Why do people speed up in passing lanes?

Written by Carl Davidson, Director of Strategy and Insight at Research First

It seems like such an annoying problem: You find yourself stuck behind a car that is crawling along as the road twists and turns its way through the countryside, only to have them speed up once you reach the passing lanes. Why does this happen?

One way to explain this phenomenon is to assume that the driver in the slower car is acting deliberately; that he or she is somehow trying to stop you overtaking them by accelerating ahead. And, in the process, that the other driver is consciously attempting to prevent you from reaching your destination in a timely manner. This view of other drivers sees the road as a place of contest and malice. A Darwinian struggle, red in tooth and claw, just to get to your destination. Explained like this, is it any wonder that people experience road rage?

Fortunately, there are better explanations we can draw on. As any good social scientist will point out, Hanlon’s Law tells us that we should never attribute to malice that which is adequately explained by human frailty. The ‘frailty’ in this case is one of perception, and in particular how our brains perceive speed. Simply put, narrower roads increase the perception of speed, and wider roads decrease that perception.

Which may seem obvious, but how does it explain why people actually speed up when the road widens? To do that, we need to refer to what is known as ‘risk homeostasis’. This is the idea that all of us have a certain amount of perceived risk that we think is acceptable. When the perceived risk is below that particular level (or goes above it), we change our behaviour to adjust how much risk we feel. When a narrow road becomes wider (such as with the addition of a passing lane), the risk sensation decreases and our behaviour changes to reflect that.

Homeostatsis works just like the thermostat in your heat pump at home, turning up the heat or cooling down the room to keep the desired temperature. You can see it in action in passing lanes as people speed up as the road widens and slow down as the passing lane ends and the road narrows. It may look like they are playing cat-and-mouse with you, but they’re not (at least not most of the time).

Research from Europe demonstrates just how much impact road width can have on driving behaviour. Increasing the width of a road lane from 6m to 8m sees average speeds increase from 80kmh to between 90 and 100kmh. Moreover, adding to the number of lanes on a road (such as with passing lanes) produces faster speeds even where the width of individual lanes remains constant.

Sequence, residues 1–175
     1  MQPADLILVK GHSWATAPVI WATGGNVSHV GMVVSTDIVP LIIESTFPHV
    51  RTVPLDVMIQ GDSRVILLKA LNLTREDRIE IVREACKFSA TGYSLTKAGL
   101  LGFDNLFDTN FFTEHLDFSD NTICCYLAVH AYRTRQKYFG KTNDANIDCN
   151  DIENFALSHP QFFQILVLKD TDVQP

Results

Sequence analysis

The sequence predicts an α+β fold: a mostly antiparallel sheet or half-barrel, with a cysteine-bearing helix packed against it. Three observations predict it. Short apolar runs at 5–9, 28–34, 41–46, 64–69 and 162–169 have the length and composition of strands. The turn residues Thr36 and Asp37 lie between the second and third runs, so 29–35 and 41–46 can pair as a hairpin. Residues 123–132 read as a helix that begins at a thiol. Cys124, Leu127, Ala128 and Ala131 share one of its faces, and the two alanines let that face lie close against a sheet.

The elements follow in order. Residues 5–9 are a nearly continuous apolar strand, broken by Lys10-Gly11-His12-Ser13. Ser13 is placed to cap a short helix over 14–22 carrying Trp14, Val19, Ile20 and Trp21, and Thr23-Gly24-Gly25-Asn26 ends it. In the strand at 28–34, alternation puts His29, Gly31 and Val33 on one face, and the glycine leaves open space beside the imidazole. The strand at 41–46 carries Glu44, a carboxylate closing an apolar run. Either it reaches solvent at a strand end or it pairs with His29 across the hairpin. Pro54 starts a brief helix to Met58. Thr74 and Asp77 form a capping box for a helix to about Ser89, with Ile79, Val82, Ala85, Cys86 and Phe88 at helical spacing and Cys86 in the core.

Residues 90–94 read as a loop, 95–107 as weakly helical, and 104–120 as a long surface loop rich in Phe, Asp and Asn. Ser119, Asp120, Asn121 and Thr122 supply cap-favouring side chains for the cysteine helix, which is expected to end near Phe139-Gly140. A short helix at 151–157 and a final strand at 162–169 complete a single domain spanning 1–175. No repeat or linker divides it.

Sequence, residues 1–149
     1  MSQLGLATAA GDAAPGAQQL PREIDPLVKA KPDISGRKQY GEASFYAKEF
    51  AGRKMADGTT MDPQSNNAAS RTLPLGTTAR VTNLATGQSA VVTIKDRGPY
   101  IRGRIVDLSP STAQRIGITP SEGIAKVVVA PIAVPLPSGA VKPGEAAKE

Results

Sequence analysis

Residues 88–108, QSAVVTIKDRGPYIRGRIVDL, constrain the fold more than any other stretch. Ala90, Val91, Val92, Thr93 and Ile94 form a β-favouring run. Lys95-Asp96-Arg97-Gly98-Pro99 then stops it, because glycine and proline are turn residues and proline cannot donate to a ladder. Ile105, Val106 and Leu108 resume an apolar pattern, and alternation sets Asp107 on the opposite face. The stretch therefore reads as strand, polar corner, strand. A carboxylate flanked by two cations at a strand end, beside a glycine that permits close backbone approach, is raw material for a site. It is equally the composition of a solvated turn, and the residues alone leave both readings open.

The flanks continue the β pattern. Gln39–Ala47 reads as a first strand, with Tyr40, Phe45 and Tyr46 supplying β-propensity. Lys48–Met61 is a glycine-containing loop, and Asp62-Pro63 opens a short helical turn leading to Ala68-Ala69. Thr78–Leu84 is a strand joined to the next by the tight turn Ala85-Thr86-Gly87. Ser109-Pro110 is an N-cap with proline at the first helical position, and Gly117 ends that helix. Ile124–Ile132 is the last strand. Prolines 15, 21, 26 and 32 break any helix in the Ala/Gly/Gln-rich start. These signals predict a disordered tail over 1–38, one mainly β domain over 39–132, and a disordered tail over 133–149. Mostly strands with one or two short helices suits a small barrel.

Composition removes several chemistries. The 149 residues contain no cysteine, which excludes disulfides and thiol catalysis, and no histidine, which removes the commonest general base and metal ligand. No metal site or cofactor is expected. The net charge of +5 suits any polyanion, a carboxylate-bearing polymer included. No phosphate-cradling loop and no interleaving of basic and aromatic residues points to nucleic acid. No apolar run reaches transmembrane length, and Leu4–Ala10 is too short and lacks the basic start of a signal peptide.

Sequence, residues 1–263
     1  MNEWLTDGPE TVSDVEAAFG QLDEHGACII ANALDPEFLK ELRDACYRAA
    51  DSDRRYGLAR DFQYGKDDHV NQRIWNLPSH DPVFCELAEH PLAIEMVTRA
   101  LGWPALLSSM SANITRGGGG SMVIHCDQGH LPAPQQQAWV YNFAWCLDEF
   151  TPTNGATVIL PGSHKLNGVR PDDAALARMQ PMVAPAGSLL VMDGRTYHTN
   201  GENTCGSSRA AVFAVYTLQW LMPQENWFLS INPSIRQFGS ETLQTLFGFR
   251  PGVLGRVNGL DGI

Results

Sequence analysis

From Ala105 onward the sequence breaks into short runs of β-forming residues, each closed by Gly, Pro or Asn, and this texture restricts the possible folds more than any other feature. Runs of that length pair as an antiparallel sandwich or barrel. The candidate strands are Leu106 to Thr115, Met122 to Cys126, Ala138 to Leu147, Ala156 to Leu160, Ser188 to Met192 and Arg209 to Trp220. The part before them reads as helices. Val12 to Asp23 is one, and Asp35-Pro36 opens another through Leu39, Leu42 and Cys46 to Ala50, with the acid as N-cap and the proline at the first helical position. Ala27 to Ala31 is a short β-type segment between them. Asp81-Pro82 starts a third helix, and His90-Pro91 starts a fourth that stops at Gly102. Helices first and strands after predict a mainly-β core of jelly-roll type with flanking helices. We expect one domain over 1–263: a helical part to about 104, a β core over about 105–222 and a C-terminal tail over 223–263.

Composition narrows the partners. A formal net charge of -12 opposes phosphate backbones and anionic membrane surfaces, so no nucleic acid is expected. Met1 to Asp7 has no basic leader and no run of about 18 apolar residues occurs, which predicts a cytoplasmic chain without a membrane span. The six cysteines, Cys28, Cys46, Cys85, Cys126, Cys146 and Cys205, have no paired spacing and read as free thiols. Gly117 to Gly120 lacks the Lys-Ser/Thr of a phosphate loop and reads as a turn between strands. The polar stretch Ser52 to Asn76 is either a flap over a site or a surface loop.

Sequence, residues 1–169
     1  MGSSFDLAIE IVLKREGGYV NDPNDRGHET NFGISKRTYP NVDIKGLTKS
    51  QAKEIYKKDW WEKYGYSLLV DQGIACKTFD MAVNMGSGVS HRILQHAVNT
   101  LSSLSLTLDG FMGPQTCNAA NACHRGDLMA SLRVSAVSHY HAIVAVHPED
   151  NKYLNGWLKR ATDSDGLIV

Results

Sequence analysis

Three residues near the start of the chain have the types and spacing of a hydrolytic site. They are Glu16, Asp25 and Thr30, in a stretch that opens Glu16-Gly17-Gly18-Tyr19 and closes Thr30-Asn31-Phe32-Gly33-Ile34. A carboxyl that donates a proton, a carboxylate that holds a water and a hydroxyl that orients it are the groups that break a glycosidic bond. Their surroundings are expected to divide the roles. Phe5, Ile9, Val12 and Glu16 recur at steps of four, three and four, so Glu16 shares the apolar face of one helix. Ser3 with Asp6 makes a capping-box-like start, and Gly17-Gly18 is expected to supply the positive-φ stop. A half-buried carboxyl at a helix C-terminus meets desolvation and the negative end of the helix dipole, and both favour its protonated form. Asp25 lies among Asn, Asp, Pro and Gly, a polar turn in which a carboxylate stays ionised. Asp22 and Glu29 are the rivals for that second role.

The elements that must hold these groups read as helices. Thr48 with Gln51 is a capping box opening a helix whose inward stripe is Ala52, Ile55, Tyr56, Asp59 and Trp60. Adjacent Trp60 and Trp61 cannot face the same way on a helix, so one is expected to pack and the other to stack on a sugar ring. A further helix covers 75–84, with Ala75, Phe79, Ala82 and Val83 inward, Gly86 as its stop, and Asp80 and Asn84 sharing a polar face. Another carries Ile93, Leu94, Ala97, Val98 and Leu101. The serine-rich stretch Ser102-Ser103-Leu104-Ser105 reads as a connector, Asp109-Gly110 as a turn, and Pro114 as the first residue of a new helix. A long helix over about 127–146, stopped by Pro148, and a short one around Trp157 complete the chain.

What is interesting about the link between road width and the perception of speed is that road designers clearly know this. They often use what are called ‘gateway treatments’ to make roads appear narrower as they enter populated areas. These ‘gateways’ can be physical or they can simply be visual (such as different road markings).

Yet this understanding of how width affects the perception of speed seems strangely out of synch with the posters and signs that often get erected to remind drivers to be considerate, to pull over, and let others pass. That is, the built environment sends drivers one set of signals while the signs and posters attempt to send the opposite signal. In many ways that is like sitting down to the all-you-can-eat buffet at your favourite restaurant while surrounded by posters warning about the dangers of obesity.

Researchers also know that perceptions of speed are strongly influenced by peripheral vision and noise. The evidence is clear that peripheral vision deteriorates with age (with the size of our visual field decreasing by about three degree per decade). Researchers from the University of Chicago have argued that this leads to older drivers having lower risk thresholds (and hence driving slower) to compensate for this lack of vision.

Similarly, we all use noise to help estimate our speed. This means that better sealed roads (such as in passing lanes) will also lead to lower perceived speeds. Equally, it means that people in older cars may well think they are travelling faster than they are.

So why do people speed up in passing lanes? Because we have created the perfect environment to encourage them to do so. With the best will in the world, we have created a passing infrastructure that makes it difficult to pass.

This may seem like a cosmic joke but it is an example of what social scientists call ‘the law of unintended consequences’. This warns us that interventions in complex systems tend to have unanticipated and often perverse outcomes. Which might point to the real insight contained in Hanlon’s Law: that in the absence of proper understanding, human frailty often appears indistinguishable from malice.

Research First is PRINZ’s research partner, and specialises in impact measurement, behaviour change, and evidence-based insights.